Your Easy-As-Pie Tomato Planting Guide + Our Favorite Varieties!!!

Summer is nearly upon us, and that means it's time to plant those tomatoes!  There are few veggies that are more beloved for home gardeners than tomatoes, and though you might be tricked into thinking that growing your own is some act of garden magic or sorcery, it's not true!!!  Growing your own tomatoes can be simple and joyous, so why not join in the fun before the season gets away?


Just keep a few important things in mind and you will be well on your way to tomato heaven!

There are no substitutes for Sun, Soil, and Water.  90% of the success of your tomatoes (and your veggie garden in general) can be boiled down to Sun, Soil, and Water. If you have 6+ hours of daily sun, fertile well-drained soil, and you water your tomatoes regularly and appropriately, your tomatoes will go WILD!  I promise.

Plant early, but not too early.  Tomatoes take a long time to grow (80+ days!!!) and here in the Pacific Northwest our tomato growing season is shorter than more southern climates. For this reason, planting at the right time of year is extremely important! Plant your tomatoes too late in the year (after June 15th), and your tomatoes may not have enough time to mature and ripen fruit before the Fall.  But plant too early in the year (Before May 1st) and they will likely become stunted by cold night time temperatures. For optimal growth and a long harvest window, aim for planting in mid-May or when nighttime lows are consistently above 50º.

Plant from starts.  Because tomatoes take so long to grow, they need to be grown from vegetable starts or they won’t mature in time for a long harvest season.  Purchase healthy starts from local nurseries for planting.

Plant deeply.  Tomatoes (and other vegetables in the Solanum family) are “adventitious rooters” meaning they love to make roots.  If tomato stems are buried in the soil, they will be stimulated to produce roots instead of growing vegetatively. This is a good thing, as early in the season, when temperatures are cooler, it is more important that your tomato plants develop strong root systems than that they grow vegetatively. By planting your tomatoes extra deep, you can use this rooty habit of tomatoes to your advantage. Before planting, remove the bottom 2-3 branches and plant starts 2-3” below the soil surface to encourage stems to produce more roots.  Remember: More roots early in the season = more fruit late in the season!

Fertilize.  Tomatoes are heavy feeders and require more nutrients than many other vegetables in order to grow strong and produce an abundance of fruit. Before planting starts, mix 1/4-1/2 cup of organic vegetable fertilizer into each planting hole to give your tomatoes what they need to thrive. Many fertilizers that are specifically for tomatoes will have higher Phosphorous (P) levels to promote flowering and fruiting. Using special tomato fertilizer isn’t essential, but it can help!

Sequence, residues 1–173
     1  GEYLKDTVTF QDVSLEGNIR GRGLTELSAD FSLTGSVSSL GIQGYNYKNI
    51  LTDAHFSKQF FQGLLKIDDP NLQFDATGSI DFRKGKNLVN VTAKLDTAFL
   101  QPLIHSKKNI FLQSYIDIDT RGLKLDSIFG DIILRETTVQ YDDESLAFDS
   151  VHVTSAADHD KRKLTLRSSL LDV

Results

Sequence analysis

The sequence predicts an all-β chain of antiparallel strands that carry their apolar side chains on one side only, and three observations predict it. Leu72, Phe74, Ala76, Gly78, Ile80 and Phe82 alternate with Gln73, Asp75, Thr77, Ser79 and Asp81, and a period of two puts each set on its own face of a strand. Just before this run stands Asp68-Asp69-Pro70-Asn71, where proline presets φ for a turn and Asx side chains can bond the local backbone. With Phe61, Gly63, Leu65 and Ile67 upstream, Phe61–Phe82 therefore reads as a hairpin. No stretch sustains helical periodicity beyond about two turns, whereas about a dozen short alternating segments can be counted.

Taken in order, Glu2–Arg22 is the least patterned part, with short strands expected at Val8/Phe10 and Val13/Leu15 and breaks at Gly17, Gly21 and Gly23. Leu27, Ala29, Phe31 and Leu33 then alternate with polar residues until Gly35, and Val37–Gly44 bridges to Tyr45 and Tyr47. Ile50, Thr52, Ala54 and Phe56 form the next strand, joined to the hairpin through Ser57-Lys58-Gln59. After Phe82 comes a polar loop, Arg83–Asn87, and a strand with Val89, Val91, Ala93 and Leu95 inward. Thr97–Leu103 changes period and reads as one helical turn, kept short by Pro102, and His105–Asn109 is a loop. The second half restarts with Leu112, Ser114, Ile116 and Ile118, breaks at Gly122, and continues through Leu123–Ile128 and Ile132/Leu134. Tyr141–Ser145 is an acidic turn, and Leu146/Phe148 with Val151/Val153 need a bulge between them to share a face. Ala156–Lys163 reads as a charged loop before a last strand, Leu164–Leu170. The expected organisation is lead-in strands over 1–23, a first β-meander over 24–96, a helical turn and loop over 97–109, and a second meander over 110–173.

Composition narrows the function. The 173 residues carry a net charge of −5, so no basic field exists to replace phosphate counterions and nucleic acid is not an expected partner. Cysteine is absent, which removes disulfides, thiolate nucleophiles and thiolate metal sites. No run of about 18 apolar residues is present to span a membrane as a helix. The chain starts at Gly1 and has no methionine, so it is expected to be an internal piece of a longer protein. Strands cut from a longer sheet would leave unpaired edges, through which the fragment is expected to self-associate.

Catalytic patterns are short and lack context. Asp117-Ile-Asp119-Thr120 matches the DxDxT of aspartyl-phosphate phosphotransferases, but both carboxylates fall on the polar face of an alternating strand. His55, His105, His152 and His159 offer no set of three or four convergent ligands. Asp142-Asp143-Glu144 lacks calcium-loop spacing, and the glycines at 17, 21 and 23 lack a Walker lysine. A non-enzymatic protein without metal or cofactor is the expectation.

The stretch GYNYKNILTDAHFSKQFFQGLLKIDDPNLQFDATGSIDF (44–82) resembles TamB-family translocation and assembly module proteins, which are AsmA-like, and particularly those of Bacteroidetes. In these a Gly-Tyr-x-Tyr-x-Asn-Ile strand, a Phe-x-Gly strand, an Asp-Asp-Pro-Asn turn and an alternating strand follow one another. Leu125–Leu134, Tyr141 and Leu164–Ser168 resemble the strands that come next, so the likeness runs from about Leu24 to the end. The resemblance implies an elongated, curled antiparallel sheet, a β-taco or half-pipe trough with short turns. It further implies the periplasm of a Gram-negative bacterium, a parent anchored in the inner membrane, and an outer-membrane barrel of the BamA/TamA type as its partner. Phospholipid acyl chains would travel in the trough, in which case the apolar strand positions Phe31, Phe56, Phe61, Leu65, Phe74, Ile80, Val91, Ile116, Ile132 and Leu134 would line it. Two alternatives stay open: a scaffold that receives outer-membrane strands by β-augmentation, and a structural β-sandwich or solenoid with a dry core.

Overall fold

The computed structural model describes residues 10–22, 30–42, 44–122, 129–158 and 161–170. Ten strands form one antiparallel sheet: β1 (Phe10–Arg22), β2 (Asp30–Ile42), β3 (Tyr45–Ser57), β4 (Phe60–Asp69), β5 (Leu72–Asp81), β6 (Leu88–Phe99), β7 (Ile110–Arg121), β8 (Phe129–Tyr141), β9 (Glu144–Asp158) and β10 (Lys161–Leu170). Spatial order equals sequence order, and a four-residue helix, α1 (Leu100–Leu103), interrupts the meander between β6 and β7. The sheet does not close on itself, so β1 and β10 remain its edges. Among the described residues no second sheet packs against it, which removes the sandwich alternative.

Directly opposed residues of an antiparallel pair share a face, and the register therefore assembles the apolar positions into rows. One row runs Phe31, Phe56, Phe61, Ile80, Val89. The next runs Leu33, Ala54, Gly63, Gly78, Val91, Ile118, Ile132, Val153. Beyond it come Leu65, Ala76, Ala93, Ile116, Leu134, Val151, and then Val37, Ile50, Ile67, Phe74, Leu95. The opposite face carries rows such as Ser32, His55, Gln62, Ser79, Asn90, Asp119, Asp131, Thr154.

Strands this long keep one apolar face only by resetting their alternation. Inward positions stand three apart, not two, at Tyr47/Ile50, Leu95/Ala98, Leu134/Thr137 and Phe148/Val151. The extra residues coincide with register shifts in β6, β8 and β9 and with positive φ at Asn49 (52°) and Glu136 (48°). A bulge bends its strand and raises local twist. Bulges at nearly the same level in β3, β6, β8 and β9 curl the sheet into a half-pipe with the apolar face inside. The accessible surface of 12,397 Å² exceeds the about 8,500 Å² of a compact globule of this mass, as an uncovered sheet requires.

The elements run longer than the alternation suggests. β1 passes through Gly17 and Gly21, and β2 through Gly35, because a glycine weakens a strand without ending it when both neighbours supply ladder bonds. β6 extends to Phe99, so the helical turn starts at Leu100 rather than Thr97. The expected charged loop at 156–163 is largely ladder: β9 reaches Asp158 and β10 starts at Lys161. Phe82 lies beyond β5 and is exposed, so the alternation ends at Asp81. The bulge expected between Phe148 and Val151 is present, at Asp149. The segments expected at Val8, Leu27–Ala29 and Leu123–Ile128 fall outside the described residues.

Tomatoes need support.  ...No, not that kind. ….well, maybe… But anyhow, tomatoes can grow to be very tall (as tall as 6+ feet!) and within a few weeks after planting they aren’t able to support their own weight. Tomato cages are essential in supporting the weight of mature plants. If left unsupported tomatoes will grow close to the ground and be difficult to manage and mature fruit will rot. Give your tomatoes support from the very beginning and you will be rewarded!

Water Wisely. Tomatoes are highly prone to fungal diseases. For this reason, avoid watering the leaves of tomatoes and concentrate water on the ground at the base of the plant. Watering plants in the morning will also encourage evaporation during the day and limit moisture during evening hours when fungal diseases are most likely to spread. Once your tomatoes begin to produce ripe fruits, reduce watering significantly to promote concentrated flavors and sweetness and to prevent cracking of ripe fruit.

What Varieties of Tomatoes Should I Grow?


Many Gardeners’ opinions about tomato varieties are as deeply held as their political views, and while we are always trying out new varieties, we certainly have our favorites as well. But they aren’t secrets, and we love nothing more than sharing what we have learned from many years of growing!!!  

“So,” you ask, “If you could only grow three tomatoes, what would they be?”…

‘Sungold:’  I have tried a lot of different cherry tomato varieties, and if you ask me, nothing holds a candle to Sungold.  Early to mature and vigorous in growth, Sungold often outgrows it’s tomato cage in my garden. These incredibly productive, disease resistant plants produce abundant deep orange cherry tomatoes with exceptional sweetness and firmness.  They are like candy. ...Just ask the kids.

‘Stupice:’  I learned about this variety from Laura Masterson years ago when I managed 47th Avenue Farm here in Portland.  Stupice is another very early to mature and productive indeterminate variety that produces firm plum sized fruit with wonderful sweetness.  I love Stupice because of it’s versatility. It is great sliced for a sandwich or burger, chopped into salads, or slow roasted in the oven until it condenses into something entirely different and utterly magical.

‘Brandywine:’  This heirloom variety is universally adored, and for good reason.  With distinctive “potato leaf” foliage on a strong and hearty plant, Brandywine is more productive than many heirlooms and produces large, delicate, burgundy fruits with incredible sweetness and richness.  This is the perfect tomato for Caprese salad. ...Or for eating like an animal in the garden, seeds and juices spilling over and ruining a good shirt.


My three favorite tomato varieties, from left to right: ‘Stupice,’ ‘Brandywine,’ and ‘Sungold’ (with a few ‘Green Zebras’ thrown in for good measure).


Happy Growing, Ian

Owner and Founder, Portland Edible Gardens, LLC